Tuesday, June 13, 2017

A Few Short Updates

I'm getting back into the swing of things, full force this time. And here's just a few updates about what I'm embarking on this summer.

Upgrading The Career

I've been freelancing for almost a decade, and for most of that time I've had a sense of pride for how little I have had to invest to live the dream (which is probably 60/40 dream/nightmare at any given time). But things are changing. I'm still committed to making money solely from writing/editing/being generally creative, which means I have to start upgrading the business. I've been making tons of lists on what I have to do to get all of this going, but really it starts with two simple things: a P.O. box and a website.



Without a business address, I've been stunted at what I can do. I can't have a mailing list through MailChimp or any other company without one, and I certainly don't want to put out email blasts with the home address. Without a website, I don't feel I can do all I need to do with communicating my writing services, my work, and everything else. That, and as good as Blogger has been to me, it just doesn't look professional to have a Blogger web address on a business card (which is another one of those pesky tasks on my list). I'm amazed I've been able to work this long without these two very important items, but that time is coming to an end.

Submissions Calling

When it comes to submissions, I'm getting back up on the proverbial (and temperamental) horse. Although I missed the deadline to send in my poetry chapbook to one particular press, the manuscript itself is not dead. I've been researching places that take chapbooks and have found quite a few that may be a good home for what I've created. I found this list of chapbook submissions particularly helpful, and maybe you will too if you have something to submit.

Unfolding Life on Playster

Draft2Digital just added a new distribution channel, Playster, and I've placed Unfolding Life on it. Honestly, I hadn't heard of it before this, but it seems similar to Kindle Unlimited where you buy a subscription rather than individual titles. So, if you're already a subscriber, please check it out. And by check it out, I mean read the whole thing, because with subscription services, I don't get paid unless the book gets read.

Those Lashes, Though

I've also been keeping up with my product testing and reviews over at Showered in Beauty. The latest review is for Revlon mega Multiplier Mascara.

That's it for my updates. What are you working on this week? 

Wednesday, May 31, 2017

Lessons on What Could Have Been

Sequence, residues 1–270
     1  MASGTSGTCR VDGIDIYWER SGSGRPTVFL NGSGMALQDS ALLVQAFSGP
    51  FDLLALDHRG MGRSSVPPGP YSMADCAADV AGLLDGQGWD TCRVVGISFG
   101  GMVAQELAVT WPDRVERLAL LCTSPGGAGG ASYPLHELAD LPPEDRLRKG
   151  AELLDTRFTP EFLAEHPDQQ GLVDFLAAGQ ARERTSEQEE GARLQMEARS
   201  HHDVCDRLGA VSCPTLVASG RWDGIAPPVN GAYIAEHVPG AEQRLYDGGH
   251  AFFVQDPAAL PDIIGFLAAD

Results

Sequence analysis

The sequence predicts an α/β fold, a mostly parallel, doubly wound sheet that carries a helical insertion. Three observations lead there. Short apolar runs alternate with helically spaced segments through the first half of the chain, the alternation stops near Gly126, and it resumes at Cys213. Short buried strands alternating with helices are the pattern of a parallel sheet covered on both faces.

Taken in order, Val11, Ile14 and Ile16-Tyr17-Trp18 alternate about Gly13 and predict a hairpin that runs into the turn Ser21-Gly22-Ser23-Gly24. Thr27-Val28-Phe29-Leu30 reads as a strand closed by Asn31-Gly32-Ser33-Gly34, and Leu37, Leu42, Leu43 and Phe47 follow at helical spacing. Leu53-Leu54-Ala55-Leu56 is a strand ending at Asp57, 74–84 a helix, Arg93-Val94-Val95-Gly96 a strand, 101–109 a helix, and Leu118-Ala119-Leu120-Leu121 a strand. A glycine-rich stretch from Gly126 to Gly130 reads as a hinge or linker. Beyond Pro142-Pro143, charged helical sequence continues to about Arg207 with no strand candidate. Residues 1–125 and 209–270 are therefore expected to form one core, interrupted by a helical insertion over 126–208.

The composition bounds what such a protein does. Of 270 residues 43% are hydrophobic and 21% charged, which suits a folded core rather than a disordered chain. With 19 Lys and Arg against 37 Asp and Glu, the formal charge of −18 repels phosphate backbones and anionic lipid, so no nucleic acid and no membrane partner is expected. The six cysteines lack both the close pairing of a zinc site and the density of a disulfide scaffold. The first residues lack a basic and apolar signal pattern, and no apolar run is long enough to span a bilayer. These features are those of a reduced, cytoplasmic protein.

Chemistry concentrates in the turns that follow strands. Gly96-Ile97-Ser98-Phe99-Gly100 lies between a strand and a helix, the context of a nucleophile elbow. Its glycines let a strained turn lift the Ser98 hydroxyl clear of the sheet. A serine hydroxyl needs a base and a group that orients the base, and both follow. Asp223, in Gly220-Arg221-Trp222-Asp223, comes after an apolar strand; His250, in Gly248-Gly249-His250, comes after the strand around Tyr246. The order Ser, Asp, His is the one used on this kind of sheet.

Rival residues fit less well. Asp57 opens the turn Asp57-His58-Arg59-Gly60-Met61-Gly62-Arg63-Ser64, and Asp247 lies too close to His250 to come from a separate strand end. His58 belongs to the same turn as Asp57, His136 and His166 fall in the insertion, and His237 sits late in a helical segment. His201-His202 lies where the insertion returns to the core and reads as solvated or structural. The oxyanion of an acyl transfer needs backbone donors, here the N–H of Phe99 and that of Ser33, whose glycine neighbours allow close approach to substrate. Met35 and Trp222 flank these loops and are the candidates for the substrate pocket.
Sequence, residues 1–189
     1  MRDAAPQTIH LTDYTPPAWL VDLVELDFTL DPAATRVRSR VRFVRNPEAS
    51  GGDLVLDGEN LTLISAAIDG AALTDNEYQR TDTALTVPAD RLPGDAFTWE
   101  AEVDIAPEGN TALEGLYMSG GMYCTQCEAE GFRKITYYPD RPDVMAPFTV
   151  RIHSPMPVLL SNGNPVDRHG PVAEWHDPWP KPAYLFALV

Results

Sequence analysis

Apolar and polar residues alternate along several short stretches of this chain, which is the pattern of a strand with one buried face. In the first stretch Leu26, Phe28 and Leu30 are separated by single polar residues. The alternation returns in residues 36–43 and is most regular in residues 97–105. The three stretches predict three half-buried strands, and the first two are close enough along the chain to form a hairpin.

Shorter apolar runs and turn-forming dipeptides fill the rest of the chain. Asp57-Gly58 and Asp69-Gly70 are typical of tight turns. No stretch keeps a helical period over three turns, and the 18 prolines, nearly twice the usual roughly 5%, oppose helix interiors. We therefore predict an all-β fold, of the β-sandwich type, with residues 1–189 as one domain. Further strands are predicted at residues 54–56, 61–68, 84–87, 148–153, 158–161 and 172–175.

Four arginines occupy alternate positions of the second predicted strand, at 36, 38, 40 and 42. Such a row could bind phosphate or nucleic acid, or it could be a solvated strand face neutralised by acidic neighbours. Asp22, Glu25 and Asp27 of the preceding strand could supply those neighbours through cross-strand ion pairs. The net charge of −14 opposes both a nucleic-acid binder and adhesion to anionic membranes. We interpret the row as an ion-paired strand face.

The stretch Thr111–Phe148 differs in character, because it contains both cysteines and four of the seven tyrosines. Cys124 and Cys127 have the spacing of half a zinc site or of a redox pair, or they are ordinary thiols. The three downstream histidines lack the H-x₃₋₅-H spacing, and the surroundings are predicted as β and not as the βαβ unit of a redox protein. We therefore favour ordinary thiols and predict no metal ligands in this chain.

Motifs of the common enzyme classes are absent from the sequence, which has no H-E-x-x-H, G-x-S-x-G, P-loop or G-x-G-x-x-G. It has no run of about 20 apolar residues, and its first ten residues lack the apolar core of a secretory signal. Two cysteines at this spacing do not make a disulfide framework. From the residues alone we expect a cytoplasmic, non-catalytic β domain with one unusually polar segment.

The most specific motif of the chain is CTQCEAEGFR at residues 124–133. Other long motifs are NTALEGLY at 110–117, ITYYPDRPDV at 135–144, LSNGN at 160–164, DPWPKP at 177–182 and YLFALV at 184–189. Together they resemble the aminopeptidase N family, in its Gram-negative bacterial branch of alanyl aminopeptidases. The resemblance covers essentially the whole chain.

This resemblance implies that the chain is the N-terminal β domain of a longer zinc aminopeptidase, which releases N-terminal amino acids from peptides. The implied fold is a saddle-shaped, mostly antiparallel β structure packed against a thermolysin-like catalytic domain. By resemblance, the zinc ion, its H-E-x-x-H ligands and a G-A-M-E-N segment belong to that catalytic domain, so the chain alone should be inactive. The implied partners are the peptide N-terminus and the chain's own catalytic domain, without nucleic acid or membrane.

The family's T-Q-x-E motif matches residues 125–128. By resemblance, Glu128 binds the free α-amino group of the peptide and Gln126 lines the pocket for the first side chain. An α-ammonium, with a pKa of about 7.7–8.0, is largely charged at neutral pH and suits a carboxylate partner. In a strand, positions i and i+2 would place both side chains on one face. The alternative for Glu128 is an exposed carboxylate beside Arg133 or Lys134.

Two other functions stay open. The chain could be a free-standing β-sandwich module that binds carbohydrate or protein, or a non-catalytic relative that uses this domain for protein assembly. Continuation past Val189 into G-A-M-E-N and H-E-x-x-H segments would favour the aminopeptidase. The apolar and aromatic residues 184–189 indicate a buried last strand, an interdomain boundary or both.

Sometimes you think when an opportunity presents itself, it's the universe telling you that you need to make a move, take a chance. I had that sort of moment two weeks ago when I found an ad for a press looking for chapbook manuscripts. Since I had just come off of a month of putting together a poetry manuscript, I thought I would make the most of it—pick out the best of the original to create a chapbook. And it seemed like a good, cohesive collection. I felt proud to have made it.

But I flaked. Over the past week I kept going, “oh, I'll submit it later tonight.” I convinced myself I had one more day, one more day, wait, just one more day—then I ran out of days. On the last day before the deadline, I decided to reread the submission call. It wanted stuff that was experimental, surreal. And I quickly decided that my poetry didn't fit within those parameters, and convinced myself it wouldn't be the right fit.

I should have submitted anyway. 



It wasn't the fear of rejection. I think I need a recent rejection under my belt to get me back in the swing of things. It was the fear that I may actually succeed. I thought about all that may entail, and I was worried about a lot of things. I have anxiety about sharing my work, which has really only developed over the past six months. I will let absolute strangers pour over my every written word, but there are maybe ten people on this earth that I don't want near my work—I don't want them to even know what I write. And it's the fear that this tiny group of people could get their hands on my work, could confront me about it, could potentially ridicule me that's done more that keep me from submitting my work. It's inhibited my ability to promote the stuff that's already out there for fear they may come across it. It's prevented me from completing as many posts on this blog as I would like. In my mind, the threat is circling and I feel like if I make the slightest move, everything could crumble. It's stupid, but it's hard to argue with anxiety because it's irrational. And you know it's irrational. But you buy into it just the same.

I used to freely be able to talk to people face-to-face about writing, even going as far as talking about projects I have in mind. I used to be able to immerse myself in new submissions. I've been putting together a list of publications for my own use, cobbled together from some of my monthly writer newsletters, and I'm starting to see some publications I've already submitted to. Then my mind wanders back to five, six years ago. That's when I wasn't afraid to submit my work to place far and wide. I wasn't afraid of the rejection. I also had the mindset that everything I sent out had a real potential of making it.

Obstacles to publishing don't phase me. It's just the irrational fear that's left. Even if no one wanted it, I could get work out there and take no pay. But I'm still convinced that the best of my work hasn't touched the light of day and still has earning potential. I can't give it all away just to prove something to my own anxiety. My anxiety doesn't really care. If I get over this obstacle my anxiety will just find something else to latch on to—it always does.

Each morning I get to start over. I get to face whatever hangups I seem to have, and I get to try and work towards a better situation where I don't have to feel as anxious about every little decision I make (or fail to make). If this post is published, it must mean that I've been able to conquer the first of many battles to get back to the full-fledged writing career I'm meant to have.

Wednesday, May 24, 2017